Kearney had told Scout.com's Dave Telep just three days earlier, "Michigan State leads. Their coach, he's not only recruiting me, he's recruiting my family. That's his tactic and I think it's a great tactic," he said.
It doesn't appear that anything has happened to change that. If anything, MSU has strengthened its position after getting a verbal committment from five-star center Adriean Payne of Dayton (OH) Jefferson. So if indeed, Kearney does announce for MSU as is expected, what would it mean to the rest of the juniors in the class that are considering MSU?
One thing a commitment from Kearney does not do is eliminate a point guard from being in the class.
Kearney is versatile enough to play the 1, 2 or 3. He is silky smooth around the basket and a player who complements his teammates well. He does not need to have the ball in his hands to be effective, but is an asset when he does.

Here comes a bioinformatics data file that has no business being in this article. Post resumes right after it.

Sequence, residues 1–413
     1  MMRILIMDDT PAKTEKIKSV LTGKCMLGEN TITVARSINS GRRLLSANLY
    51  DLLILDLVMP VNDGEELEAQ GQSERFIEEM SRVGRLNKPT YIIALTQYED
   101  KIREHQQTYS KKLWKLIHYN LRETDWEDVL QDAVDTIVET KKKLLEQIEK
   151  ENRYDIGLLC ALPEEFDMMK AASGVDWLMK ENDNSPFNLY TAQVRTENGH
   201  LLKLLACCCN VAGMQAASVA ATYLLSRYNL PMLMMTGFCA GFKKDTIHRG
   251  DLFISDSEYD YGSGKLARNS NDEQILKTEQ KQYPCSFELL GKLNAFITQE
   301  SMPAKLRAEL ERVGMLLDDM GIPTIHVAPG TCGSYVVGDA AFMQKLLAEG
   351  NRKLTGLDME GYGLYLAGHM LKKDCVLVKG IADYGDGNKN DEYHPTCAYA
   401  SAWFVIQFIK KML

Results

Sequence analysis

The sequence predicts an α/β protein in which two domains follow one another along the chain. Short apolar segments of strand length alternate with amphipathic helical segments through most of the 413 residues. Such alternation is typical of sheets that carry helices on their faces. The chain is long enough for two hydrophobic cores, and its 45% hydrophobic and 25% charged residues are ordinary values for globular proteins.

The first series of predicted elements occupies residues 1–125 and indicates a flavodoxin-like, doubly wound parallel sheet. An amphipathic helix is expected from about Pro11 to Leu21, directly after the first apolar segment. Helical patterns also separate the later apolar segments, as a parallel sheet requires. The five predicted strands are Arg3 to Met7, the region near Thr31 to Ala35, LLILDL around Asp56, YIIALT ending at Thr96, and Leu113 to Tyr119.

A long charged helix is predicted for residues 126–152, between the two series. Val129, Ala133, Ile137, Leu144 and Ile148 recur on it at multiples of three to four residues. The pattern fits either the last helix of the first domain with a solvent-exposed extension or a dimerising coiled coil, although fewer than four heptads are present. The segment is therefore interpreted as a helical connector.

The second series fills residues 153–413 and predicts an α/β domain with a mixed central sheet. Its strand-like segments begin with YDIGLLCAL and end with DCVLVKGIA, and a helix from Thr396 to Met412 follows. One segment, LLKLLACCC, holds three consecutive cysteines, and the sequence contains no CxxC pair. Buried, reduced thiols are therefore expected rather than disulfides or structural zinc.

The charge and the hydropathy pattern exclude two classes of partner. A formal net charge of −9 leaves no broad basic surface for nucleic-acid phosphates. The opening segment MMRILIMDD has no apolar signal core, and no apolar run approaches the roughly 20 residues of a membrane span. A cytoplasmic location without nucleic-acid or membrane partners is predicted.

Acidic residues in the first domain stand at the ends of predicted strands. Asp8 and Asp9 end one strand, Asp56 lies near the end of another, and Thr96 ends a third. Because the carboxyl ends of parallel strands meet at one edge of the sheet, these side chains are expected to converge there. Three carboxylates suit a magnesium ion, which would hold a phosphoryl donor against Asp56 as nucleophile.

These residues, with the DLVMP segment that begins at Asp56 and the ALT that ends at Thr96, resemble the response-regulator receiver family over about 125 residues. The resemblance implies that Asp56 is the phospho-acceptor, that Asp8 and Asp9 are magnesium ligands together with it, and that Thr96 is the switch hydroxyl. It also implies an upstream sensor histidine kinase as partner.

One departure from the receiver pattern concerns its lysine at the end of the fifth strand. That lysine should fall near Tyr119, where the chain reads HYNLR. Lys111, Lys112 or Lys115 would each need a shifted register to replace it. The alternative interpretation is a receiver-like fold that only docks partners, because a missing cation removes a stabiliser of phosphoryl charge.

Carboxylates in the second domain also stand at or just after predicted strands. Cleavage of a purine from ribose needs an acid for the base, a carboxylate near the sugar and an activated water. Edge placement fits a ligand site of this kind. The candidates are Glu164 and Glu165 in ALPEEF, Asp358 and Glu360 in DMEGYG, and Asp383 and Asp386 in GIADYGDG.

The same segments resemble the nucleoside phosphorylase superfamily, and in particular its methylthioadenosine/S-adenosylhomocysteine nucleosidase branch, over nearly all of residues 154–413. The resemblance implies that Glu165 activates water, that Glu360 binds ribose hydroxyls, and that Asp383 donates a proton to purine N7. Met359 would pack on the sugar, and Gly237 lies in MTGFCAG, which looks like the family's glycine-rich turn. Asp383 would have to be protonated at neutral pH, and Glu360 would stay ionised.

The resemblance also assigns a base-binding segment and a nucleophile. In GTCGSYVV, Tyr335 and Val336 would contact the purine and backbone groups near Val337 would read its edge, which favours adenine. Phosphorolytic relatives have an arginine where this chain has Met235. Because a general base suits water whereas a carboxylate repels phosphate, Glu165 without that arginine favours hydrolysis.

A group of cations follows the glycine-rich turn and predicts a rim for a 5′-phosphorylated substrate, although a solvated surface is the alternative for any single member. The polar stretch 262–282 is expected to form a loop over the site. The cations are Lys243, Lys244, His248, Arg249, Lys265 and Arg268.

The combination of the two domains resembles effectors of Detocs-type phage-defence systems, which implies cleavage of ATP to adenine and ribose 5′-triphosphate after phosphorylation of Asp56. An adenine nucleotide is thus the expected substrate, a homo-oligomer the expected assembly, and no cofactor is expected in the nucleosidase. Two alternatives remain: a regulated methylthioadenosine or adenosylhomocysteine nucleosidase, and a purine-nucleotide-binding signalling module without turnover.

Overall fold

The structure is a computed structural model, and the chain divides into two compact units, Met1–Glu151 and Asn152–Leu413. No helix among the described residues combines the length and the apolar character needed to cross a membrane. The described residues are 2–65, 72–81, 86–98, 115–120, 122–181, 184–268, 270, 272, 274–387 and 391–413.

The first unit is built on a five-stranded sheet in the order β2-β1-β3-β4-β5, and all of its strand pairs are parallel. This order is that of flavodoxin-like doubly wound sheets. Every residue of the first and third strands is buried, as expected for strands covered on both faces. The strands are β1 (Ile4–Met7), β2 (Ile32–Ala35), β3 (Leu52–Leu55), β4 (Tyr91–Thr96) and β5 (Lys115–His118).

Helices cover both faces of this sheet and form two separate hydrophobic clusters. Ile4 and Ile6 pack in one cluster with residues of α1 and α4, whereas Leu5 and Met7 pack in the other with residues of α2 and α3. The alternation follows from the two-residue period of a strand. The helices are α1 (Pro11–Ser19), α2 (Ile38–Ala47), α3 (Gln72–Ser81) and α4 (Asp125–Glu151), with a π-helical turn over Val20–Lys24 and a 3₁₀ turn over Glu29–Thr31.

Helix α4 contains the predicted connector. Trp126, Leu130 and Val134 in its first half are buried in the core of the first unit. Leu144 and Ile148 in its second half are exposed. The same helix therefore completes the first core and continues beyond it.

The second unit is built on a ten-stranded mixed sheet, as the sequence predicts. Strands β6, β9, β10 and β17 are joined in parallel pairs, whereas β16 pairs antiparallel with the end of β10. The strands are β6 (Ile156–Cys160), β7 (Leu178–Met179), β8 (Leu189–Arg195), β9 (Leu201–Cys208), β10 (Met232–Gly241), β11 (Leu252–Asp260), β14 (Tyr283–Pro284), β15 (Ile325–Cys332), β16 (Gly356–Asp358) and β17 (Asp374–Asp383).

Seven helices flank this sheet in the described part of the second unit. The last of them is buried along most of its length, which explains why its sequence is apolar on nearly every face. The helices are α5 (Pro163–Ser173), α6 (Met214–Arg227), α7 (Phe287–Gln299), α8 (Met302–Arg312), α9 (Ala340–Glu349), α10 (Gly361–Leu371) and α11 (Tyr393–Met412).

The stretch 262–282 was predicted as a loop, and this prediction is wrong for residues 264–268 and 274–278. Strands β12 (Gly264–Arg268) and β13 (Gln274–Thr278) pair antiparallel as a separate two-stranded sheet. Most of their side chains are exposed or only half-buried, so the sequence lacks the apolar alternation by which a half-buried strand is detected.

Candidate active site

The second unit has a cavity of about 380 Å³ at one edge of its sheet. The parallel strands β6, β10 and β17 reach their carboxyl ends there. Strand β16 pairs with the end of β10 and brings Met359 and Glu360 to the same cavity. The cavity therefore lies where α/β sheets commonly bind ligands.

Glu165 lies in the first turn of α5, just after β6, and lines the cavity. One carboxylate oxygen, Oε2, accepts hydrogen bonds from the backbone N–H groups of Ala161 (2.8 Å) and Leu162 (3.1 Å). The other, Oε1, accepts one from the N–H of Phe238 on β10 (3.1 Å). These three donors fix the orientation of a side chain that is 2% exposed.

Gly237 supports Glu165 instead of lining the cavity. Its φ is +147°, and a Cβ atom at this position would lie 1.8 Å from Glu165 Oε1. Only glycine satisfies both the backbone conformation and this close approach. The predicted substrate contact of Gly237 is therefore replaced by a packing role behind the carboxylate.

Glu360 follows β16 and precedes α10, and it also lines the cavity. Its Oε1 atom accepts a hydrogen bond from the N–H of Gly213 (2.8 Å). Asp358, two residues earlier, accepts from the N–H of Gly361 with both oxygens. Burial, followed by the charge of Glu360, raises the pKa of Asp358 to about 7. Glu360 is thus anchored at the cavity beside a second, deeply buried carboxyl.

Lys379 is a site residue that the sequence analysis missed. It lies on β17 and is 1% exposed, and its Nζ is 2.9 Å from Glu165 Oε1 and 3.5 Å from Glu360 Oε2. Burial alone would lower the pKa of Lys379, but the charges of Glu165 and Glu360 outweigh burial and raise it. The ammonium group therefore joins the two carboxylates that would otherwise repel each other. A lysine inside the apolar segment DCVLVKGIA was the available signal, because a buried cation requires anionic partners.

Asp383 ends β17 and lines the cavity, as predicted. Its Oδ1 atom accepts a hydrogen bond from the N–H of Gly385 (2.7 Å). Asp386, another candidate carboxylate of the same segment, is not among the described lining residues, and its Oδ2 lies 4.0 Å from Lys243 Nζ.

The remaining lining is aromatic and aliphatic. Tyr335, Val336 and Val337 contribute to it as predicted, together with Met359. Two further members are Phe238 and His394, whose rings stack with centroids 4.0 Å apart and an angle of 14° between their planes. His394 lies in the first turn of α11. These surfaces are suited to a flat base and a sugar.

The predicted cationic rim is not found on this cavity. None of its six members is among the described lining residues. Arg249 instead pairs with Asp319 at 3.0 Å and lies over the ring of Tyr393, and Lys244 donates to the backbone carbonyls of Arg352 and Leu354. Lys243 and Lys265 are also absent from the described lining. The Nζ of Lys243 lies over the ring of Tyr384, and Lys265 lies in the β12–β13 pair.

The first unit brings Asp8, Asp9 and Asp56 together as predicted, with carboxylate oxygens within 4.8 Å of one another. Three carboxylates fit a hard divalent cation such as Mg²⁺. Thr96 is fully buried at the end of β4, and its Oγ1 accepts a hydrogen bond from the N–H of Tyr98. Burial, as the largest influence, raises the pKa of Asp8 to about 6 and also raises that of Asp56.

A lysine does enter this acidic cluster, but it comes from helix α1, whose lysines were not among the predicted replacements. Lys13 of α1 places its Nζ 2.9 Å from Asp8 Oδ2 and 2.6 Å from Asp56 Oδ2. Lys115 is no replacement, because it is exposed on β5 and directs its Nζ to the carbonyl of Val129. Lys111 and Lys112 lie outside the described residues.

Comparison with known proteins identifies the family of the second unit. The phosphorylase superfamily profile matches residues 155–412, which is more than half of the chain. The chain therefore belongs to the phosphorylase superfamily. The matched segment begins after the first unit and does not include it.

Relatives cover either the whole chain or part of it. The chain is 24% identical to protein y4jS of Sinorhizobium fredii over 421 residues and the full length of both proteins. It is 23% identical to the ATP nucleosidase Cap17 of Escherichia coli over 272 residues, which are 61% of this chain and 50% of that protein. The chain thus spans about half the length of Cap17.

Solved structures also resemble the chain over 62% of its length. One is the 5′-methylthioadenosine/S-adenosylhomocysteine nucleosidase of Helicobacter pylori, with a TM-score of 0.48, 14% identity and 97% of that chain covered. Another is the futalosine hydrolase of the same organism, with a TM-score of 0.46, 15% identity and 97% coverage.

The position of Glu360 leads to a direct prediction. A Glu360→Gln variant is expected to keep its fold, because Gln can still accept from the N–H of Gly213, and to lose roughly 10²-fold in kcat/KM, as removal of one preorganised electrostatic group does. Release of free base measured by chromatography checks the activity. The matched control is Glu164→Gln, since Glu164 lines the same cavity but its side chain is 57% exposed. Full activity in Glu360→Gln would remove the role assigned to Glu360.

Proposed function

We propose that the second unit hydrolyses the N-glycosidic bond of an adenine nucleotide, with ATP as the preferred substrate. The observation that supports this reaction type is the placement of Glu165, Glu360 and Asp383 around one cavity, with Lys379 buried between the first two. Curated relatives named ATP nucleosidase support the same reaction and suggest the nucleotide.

MSU will consider strongly taking one small forward to fill the role by departing senior Raymar Morgan.
Maybe the role would be filled by Kearney or it could be an additional player from among Jakarr Sampson of Akron (OH) St. Vincent-St. Mary, Anton "Silky" Grady of Cleveland (OH) Catholic Central, Markus Crider of Huber Heights (OH) Wayne or LaDontae Henton of Lansing (MI) Eastern.
One dark horse in the recruiting race is the growing interest by coaching staffs, including MSU's, in Sutton's Bay shooting guard Dwaun Anderson.
Anderson hasn't been seen much by those in the know because of not playing in a typical hoops hotbed like Detroit, Flint, Battle Creek or even Saginaw. Sutton's Bay, MI is just north of Traverse City. But those who have seen him swear he's among the top players, if not the top player in the State of Michigan.
The class looks like it could be as many as four players and if Kearney pulls the trigger for MSU on Tuesday, it will definitely give them a solid nucleus from which to build upon.